Parasite: A Scathing Satire on Capitalism Today

Official Poster of Parasite

Synopsis: The Kim family are living in destitute conditions doing low paying jobs, while struggling to make ends meet. One day, when son Kim Ki-woo’s friend Minhyuk asks him to tutor Park Da-hye, daughter of the wealthy Park family in his place by posing as a university student, the family sees this as an opportunity to get out of the destitute conditions by posing as sophisticated, highly qualified individuals.

Review: Parasite is one of the most hyped up films of 2019 (and rightly so), with the film’s director Bong Joon-ho winning Palme d’Or at this year’s Cannes Film Festival, becoming the first Korean director to win this prestigious award. What makes this win even more special is that Korean cinema has completed its 100 years.With the Mexican director Alfonso Cuaron’s Roma winning major awards last year and now Parasite winning Palme d’Or at Cannes, it is a clear indication that, the film loving audience are craving for films, especially art-house ones that don’t just touch hearts, but also make us question the world we are living in, which Hollywood films nowadays are lacking. It also indicates, globalization of cinema where the audience are not averse to appreciating foreign films made on real life subjects.

Bong Joon-Ho’s films deal with the social issues (in this case, capitalism) plaguing the society. And, when directors have their foundation well laid, chances of their forthcoming films being stagnant is high, which luckily doesn’t happen with Mr. Bong’s films, because he always succeeds in authentically capturing the realities of the world, irrespective of the fact that they are set in dystopia.

The way cinematographer Hong Kyung-pyo and director Bong have used visual cues to symbolically show the contrast between rich and poor is marvelous, the camera shots showing each families’ houses to show the divide between the rich and poor, is a great usage of mise-en-scene technique. The lighting also helps in showing the conditions in which both the families are living in.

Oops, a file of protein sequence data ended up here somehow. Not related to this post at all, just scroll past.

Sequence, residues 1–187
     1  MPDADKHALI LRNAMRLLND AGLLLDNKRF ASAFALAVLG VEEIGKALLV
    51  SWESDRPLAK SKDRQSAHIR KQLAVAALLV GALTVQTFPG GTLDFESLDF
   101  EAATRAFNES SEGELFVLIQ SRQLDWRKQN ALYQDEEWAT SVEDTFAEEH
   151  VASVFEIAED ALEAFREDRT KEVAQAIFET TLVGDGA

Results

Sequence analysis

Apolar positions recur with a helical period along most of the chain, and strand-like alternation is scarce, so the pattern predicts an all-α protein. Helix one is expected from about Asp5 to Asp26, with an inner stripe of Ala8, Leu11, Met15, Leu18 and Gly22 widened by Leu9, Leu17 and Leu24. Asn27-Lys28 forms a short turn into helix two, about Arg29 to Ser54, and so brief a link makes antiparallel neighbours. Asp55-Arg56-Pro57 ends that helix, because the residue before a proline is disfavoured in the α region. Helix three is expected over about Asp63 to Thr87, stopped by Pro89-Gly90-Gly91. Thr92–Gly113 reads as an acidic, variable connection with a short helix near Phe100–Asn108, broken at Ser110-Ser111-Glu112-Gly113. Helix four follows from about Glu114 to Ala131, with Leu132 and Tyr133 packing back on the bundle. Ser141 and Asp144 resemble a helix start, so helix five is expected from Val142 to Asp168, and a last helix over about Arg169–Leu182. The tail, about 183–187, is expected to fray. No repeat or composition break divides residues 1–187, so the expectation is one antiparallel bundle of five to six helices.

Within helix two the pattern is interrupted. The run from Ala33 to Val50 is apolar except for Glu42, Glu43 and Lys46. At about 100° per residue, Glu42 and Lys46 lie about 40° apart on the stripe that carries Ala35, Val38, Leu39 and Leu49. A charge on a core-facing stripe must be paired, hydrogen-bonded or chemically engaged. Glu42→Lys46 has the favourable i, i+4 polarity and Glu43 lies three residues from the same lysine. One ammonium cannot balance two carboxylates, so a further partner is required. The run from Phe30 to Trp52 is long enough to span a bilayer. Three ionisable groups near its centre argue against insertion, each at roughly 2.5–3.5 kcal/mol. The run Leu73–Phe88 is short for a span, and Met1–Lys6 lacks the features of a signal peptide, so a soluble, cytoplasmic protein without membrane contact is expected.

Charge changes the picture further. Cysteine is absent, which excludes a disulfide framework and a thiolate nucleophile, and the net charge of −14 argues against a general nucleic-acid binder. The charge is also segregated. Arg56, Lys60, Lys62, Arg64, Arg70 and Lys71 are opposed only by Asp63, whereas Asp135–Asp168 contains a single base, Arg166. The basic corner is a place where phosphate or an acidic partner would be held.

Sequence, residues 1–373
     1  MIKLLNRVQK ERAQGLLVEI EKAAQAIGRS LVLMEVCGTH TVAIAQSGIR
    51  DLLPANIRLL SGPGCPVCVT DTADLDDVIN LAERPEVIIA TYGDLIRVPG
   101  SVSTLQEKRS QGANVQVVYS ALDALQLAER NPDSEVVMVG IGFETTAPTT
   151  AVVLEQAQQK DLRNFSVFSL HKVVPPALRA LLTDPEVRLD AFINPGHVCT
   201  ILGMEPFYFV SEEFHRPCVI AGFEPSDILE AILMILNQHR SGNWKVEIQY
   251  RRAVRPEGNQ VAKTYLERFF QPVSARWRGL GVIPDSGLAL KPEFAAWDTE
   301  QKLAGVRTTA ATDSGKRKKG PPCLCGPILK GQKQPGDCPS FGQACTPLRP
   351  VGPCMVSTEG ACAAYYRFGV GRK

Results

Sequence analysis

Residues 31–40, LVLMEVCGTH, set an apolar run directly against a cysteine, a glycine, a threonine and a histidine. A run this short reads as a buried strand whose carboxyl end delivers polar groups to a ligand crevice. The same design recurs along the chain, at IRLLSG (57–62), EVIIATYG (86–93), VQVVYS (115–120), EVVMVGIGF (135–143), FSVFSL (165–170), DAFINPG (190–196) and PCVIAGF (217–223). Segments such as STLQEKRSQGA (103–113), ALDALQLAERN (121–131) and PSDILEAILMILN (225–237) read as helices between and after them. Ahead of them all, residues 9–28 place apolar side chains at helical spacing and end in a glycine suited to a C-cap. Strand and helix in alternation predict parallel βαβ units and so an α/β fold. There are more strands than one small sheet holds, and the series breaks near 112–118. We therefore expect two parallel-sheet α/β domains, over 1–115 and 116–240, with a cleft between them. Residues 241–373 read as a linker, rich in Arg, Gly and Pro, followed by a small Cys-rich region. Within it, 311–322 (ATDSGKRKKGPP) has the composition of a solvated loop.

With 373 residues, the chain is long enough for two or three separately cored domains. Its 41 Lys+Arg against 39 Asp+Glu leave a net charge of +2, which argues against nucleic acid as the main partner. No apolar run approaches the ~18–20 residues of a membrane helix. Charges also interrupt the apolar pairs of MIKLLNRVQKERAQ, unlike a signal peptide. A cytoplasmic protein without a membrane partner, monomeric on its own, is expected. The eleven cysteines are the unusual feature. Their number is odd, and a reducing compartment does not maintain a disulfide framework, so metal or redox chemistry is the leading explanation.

This film would not have been successful in conveying the film’s message, if not for the ensemble cast of the film. The actors playing both families have done a very convincing job in portraying the contrasting attitudes the rich and poor have towards their surroundings and each other. It’s hard to choose who stole the show exactly because it’s such a realistic film that, you’ll end up thinking that you are seeing the bigger picture mirroring your world.

The title of the movie is a metaphor (which shows that the director loves metaphors), but who’s the parasite in this capitalistic world? There’s no simple answer, and the film doesn’t help in answering this question either. The director has left it to the audience.

All in all, the film is a must watch. Especially for those of you, who love metaphors and like analyzing the semiotics of films irrespective of its genre and thematic elements.

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Currently pursuing Social Work at Tata Institute of Social Sciences, Mumbai. Takes keen interest in pop culture, movies, music, books, languages and politics.

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Anugya Srivastava

Anugya Srivastava

Currently pursuing Social Work at Tata Institute of Social Sciences, Mumbai. Takes keen interest in pop culture, movies, music, books, languages and politics.

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